|OS type and version
Been wanting to change cPanel for a long time. I succeeded in getting Webmin/VirtualMin installed inside a virtual machine (don’t get confused, that’s separate from my question) to test it out, so I can play around in it.
Here is a big question that occurred to me. Can I use Webmin/VirtualMin as my base system, and create a VPS, and in this VPS, can I then install cPanel/another webpanel?
Basically, what I’d like to do is use WebMin as my base server and then I can create VPS virtual machines inside it on the same machine, which are independent (paravirtualized) bootable systems, while the base server never needs to get rebooted. Then, I can use 1 server as several servers.
Then with the multiple server environments which are virtualized, then what I can do is I can put the sites which aren’t ready to leave cPanel on one virtual machine, and put the others inside the main machine.
If you want to create and manage VPS’, you are looking for Cloudmin.
Is Cloudmin also free?
And can it do as I described in the flow chart - create a fully virtualized environment in which it creates VPS, where Webmin/Virtualmin can be installed inside the virtualized container?
I hoped to use Cloudmin to make server management easier without the overhead costs.
Found one to do it. OpenVZ. Free and open source. In fact it replaces CentOS instead of being installed on top of it, which is appealing. And when I create containers, then I could still install CentOS inside one of the VPS containers. Looks like I have some learning to do, I’m going to try out OpenVZ. No matter what I try, I am starting from scratch so there will be learning to do. Best to do it using free and open source software.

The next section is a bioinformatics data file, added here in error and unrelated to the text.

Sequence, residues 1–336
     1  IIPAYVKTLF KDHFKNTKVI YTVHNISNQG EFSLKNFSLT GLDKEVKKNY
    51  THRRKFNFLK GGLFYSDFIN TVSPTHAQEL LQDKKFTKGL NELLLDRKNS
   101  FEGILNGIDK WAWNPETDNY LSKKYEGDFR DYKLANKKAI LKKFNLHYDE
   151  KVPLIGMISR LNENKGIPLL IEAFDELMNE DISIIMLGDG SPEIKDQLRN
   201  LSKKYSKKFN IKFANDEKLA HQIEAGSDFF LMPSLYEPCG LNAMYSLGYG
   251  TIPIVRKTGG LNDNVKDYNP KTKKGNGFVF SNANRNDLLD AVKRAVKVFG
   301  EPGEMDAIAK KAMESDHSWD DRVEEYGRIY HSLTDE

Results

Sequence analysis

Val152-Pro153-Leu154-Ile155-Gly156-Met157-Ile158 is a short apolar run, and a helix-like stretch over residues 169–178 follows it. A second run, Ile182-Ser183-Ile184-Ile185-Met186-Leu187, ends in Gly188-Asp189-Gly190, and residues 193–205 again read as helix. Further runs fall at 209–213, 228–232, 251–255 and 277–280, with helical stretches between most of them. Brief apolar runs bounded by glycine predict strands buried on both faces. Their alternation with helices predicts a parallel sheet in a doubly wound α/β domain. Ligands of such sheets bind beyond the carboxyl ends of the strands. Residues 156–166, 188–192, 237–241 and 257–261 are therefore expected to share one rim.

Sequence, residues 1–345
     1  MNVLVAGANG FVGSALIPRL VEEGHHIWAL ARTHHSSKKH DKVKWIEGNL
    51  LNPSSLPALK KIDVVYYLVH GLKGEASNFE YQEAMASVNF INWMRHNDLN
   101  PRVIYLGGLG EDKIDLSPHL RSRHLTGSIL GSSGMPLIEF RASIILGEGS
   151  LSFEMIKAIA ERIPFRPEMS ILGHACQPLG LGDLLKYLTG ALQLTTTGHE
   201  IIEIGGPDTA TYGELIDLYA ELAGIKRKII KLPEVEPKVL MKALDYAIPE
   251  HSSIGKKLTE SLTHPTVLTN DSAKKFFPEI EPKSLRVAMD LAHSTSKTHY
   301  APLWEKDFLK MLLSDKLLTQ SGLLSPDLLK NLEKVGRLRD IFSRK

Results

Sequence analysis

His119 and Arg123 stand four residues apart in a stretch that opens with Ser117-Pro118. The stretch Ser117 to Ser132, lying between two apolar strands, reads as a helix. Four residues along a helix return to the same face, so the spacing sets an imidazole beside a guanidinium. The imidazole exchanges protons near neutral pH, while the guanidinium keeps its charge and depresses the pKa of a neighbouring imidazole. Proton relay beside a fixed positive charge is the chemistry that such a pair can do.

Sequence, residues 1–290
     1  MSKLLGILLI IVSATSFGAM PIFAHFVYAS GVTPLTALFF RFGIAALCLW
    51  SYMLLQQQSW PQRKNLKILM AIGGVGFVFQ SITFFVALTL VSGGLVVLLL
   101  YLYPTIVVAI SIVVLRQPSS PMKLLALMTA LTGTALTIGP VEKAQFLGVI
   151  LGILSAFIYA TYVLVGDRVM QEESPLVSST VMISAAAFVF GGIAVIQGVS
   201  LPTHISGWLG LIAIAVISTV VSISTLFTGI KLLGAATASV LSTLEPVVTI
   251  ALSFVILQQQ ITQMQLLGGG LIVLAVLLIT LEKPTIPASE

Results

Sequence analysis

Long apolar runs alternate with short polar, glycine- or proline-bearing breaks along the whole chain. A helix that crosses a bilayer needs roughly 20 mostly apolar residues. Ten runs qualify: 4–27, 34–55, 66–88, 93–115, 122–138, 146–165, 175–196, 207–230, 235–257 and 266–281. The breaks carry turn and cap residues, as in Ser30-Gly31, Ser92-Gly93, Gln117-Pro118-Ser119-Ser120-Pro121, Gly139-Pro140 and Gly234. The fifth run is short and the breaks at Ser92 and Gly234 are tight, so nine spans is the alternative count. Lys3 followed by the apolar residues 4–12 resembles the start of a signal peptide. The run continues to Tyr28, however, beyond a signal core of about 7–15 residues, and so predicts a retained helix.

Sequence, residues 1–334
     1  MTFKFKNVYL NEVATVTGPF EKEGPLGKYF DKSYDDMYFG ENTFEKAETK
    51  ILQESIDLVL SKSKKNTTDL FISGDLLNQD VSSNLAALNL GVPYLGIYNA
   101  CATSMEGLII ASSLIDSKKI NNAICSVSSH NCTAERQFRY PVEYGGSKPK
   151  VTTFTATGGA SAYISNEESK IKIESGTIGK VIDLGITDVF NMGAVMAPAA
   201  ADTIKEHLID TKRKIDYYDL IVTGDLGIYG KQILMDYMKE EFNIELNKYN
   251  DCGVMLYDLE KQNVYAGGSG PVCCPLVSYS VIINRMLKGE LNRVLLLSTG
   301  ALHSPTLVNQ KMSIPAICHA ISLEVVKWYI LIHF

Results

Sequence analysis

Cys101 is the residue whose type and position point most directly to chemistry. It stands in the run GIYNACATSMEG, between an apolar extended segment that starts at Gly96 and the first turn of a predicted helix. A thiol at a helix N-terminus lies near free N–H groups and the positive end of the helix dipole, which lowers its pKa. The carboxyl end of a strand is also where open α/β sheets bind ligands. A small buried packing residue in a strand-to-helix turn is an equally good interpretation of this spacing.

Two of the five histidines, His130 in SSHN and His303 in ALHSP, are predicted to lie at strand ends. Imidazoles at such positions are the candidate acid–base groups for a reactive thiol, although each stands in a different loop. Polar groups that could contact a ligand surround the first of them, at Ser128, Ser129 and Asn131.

You can use Cloudmin GPL for this for ‘free’, as long as you are happy to use KVM.
Or pay for a Cloudmin Pro license and manage as many Cloudmin GPL servers as you want
I will learn and use OpenVZ, which is free and open source. I want full virtual boxes that I can install different software on.
You can put whatever OS that KVM supports as a guest.
Cloudmin just manages KVM. And the Pro version allows you to also manage docker, xen, openvz etc etc.
Of course it will. That’s what it’s for.
Cloudmin GPL can host multiple VPS’ on a single physical machine. But hey, if it doesn’t meet your needs that’s fine. Find something else. No one is pressuring, just educating you.
Ok, why does it say it can only do 1 then? Help me understand
Maybe I didn’t understand. I just re-read it, what does it mean by “on only a single host system”? Cloudmin GPL – Virtualmin
If you were reading…
The GPL version of Cloudmin is a designed to manage Xen or KVM instances on only a single host system
As I mentioned, you can use Cloudmin GPL on a “single” physical (aka host) machine. But you can setup as many “Virtual” servers (aka VPS’) that that machine can handle.
Yes. Ok, so maybe this is usable. What is the alternative that Pro offers, is it even possible to install a software across multiple host systems? Or what is Pro offering that GPL doesn’t, besides different types other than KVM or Xen?